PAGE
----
I’m organizing a mini docs hackfest during this year’s FOSDEM focused on updating the existing GNOME user documentation to account for the recent changes in GNOME Settings.
There has been some massive changes in the GNOME Settings interfaces in the past couple of years. New redesigns, the port to GTK4 and lots of new widgets from libadwaita. With that, lots of our user docs became outdated.
There are still ongoing UI changes in GNOME Settings that we should wait on their stabilization before writing documentation, for example:
- The Sharing settings are going away
- The Color settings might get split off into the Display and Printers panels
- The Sound panel is currently undergoing a redesign
- The Removable Media settings will get merged into the Applications panel
- The Default Applications Settings will get merged into the Applications panel
- A new (massive) System panel is in the works
Please, reply to this topic if you are interested in participating and/or if you have additional gnome-user-docs issues to add to the proposed agenda.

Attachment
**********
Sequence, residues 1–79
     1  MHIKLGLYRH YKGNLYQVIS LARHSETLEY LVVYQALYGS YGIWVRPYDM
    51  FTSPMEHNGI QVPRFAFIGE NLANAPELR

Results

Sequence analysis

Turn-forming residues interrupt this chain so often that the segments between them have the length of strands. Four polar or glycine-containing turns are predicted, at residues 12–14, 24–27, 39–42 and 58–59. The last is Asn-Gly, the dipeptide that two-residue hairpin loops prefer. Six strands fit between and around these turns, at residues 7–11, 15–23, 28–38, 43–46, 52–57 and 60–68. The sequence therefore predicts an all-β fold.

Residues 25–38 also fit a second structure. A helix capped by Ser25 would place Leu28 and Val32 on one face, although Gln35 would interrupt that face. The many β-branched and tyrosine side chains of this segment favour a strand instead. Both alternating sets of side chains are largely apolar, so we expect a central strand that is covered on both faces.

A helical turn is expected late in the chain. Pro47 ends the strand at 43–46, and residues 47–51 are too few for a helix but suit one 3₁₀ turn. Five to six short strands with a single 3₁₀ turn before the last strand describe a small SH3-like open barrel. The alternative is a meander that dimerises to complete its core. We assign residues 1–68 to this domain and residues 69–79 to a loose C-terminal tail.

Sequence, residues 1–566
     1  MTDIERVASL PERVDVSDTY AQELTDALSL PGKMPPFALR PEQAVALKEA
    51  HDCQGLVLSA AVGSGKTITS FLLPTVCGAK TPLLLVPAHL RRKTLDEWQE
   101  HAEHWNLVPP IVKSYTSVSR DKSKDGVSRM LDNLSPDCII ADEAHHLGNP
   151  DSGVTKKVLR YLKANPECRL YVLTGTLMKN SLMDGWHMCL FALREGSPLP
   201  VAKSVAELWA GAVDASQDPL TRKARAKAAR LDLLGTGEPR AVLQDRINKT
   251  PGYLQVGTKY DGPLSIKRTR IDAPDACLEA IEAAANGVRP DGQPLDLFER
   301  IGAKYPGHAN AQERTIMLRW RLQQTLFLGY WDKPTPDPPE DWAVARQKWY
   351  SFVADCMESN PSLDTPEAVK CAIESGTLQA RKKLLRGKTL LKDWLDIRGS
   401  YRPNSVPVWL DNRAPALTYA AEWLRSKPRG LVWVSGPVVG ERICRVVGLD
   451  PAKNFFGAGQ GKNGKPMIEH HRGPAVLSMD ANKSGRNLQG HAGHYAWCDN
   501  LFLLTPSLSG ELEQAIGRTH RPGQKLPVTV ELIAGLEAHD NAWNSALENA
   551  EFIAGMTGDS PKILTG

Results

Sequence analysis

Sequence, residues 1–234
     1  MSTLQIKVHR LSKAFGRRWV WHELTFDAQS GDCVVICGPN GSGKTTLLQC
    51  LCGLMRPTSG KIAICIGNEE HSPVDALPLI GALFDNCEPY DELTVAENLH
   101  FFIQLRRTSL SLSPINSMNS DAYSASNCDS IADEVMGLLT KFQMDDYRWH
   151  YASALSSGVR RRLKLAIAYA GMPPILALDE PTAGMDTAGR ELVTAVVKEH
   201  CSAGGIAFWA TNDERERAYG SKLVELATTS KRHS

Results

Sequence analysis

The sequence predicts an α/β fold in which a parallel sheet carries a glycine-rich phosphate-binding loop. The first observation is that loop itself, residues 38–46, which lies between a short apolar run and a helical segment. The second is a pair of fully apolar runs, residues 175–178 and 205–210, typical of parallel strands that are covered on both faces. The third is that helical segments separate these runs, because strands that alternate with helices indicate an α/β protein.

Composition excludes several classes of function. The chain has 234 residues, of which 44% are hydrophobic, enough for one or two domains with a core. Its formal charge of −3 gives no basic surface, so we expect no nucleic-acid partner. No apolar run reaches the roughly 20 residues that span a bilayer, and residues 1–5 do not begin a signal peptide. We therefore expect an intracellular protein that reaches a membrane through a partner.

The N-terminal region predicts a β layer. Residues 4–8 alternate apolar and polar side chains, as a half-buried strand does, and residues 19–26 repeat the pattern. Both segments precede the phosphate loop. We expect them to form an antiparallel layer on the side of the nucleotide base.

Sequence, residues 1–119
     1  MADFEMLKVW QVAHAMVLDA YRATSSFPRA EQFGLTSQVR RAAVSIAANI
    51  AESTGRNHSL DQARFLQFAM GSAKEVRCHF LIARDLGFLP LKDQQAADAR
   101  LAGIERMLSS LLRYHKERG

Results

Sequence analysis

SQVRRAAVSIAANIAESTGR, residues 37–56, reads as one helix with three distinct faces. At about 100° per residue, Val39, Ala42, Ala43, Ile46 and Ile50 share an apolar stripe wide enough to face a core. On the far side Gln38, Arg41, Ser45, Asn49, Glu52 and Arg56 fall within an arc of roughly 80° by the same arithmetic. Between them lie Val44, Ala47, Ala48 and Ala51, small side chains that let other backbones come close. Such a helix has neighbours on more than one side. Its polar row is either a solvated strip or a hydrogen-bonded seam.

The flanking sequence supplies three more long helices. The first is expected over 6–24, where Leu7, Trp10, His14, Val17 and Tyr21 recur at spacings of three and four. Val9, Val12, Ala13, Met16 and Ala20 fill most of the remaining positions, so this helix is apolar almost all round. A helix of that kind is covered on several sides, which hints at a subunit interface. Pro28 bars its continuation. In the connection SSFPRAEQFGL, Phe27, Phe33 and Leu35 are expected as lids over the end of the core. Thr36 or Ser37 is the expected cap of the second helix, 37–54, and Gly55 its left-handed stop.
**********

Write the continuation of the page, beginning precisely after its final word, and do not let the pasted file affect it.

Here’s a list of new designs that are somewhat stable and yet have no docs or the existing ones are outdated:
- Document the Application settings
- Document the Multitasking settings
- Document the Search settings
- Document the Thunderbolt settings
- Document the Device Security settings
- Update the Accessibility settings
- The accessibility sections have been converted into subpages
- Some of the terms have changed
- Document the “About” settings
- File more issues against gnome-user-docs and reply to this topic to add it to this list
Currently we are discussing some locations to where to host the event. We will update this post once we have a confirmed date/time and place for the event.
- Felipe Borges
- Dominika Vagnerova
- Petr Kovar
- David King
- Don Naro
- reply to this topic if you are interested in participating
How to try the latest GNOME Settings
The best way to run GNOME Settings with the latest changes is to use a GNOME OS virtual machine in GNOME Boxes. Grab Boxes from Flathub and choose GNOME OS in the “Download an OS” option.
It is preferable to download and install the VM before the event, because this can take some time depending on network bandwidth and/or computer resources.
Alternatively, one can build GNOME Settings in Toolbx or use it’s (limited) Flatpak manifest to build it in GNOME Builder.